Testing the standard Shakura-Sunyaev model of accretion is a challenging task because the central region of quasars where accretion takes place is unresolved with telescopes. The analysis of microlensing in gravitationally lensed quasars is one of the few techniques that can test this model, yielding to the measurement of the size and of temperature profile of the accretion disc. We present spectroscopic observations of the gravitationally lensed broad absorption line quasar H1413+117, which reveal partial microlensing of the continuum emission that appears to originate from two separated regions: a microlensed region, corresponding the compact accretion disc; and a non-microlensed region, more extended and contributing to at least 30% of the total UV-continuum flux. Because this extended continuum is occulted by the broad absorption line clouds, it is not associated with the host galaxy, but rather with light scattered in the neighbourhood of the central engine. We measure the amplitude of microlensing of the compact continuum over the rest-frame wavelength range 1000-7000 Å. Following a Bayesian scheme, we confront our measurements to microlensing simulations of an accretion disc with a temperature varying as T ∝ R-1/ν. We find a most likely source half-light radius of R1/2 = 0.61 × 1016cm (i.e., 0.002 pc) at 0.18μm, and a most-likely index of ν = 0.4. The standard disc (ν = 4/3) model is not ruled out by our data, and is found within the 95% confidence interval associated with our measurements. We demonstrate that, for H1413+117, the existence of an extended continuum in addition to the disc emission only has a small impact on the inferred disc parameters, and is unlikely to solve the tension between the microlensing source size and standard disc sizes, as previously reported in the literature.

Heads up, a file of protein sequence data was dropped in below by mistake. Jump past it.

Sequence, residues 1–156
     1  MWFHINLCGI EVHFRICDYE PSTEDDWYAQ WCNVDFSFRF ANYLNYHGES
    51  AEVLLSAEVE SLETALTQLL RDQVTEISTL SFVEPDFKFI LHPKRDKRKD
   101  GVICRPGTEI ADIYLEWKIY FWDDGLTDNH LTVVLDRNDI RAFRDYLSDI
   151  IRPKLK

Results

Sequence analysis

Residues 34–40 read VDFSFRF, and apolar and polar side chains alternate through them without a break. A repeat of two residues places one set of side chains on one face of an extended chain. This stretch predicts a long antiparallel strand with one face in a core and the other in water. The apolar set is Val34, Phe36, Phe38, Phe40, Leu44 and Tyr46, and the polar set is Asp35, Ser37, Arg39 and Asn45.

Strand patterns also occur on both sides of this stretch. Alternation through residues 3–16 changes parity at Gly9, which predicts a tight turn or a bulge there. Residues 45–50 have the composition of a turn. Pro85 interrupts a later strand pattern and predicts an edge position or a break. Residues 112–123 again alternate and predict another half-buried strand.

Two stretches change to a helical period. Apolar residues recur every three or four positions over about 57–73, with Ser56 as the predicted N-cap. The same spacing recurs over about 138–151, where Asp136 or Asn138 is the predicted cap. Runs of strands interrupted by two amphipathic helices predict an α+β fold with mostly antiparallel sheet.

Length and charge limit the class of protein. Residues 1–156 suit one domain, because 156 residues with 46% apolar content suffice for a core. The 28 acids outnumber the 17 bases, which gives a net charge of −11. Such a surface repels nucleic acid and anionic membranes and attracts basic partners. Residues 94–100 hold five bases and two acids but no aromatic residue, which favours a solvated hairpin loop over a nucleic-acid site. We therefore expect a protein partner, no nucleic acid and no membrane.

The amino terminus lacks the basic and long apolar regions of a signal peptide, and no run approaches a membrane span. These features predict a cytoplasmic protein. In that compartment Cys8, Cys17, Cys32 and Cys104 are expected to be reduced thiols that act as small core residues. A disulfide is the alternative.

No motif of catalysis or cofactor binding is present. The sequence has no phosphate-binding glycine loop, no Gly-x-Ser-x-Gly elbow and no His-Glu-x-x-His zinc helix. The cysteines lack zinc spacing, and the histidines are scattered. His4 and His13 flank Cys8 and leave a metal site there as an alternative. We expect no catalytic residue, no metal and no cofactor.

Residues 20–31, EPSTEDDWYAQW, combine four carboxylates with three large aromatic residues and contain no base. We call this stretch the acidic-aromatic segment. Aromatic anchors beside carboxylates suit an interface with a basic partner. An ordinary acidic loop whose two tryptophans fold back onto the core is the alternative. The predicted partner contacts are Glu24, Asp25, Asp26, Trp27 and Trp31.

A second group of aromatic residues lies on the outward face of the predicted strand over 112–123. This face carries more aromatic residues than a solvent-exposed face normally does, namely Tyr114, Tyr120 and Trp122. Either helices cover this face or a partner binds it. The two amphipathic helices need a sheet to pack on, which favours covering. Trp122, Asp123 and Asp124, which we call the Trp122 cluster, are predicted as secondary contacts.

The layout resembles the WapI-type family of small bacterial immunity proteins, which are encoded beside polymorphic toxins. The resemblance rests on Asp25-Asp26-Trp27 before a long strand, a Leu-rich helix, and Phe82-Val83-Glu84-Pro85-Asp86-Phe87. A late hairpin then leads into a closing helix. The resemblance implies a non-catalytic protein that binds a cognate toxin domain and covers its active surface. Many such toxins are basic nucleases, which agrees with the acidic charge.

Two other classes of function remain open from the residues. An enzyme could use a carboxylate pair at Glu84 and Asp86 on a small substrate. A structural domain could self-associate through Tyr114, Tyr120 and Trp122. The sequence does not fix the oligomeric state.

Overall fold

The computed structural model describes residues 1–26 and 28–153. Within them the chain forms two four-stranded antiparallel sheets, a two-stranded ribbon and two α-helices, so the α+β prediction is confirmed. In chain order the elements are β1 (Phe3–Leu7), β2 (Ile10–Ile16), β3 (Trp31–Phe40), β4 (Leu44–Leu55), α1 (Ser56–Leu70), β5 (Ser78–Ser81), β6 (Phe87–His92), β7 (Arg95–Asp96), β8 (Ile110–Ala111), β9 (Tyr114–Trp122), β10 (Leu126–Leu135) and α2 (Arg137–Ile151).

Áreas temáticas de ASJC Scopus
- Astronomía y astrofísica
- Ciencias planetarias y espacial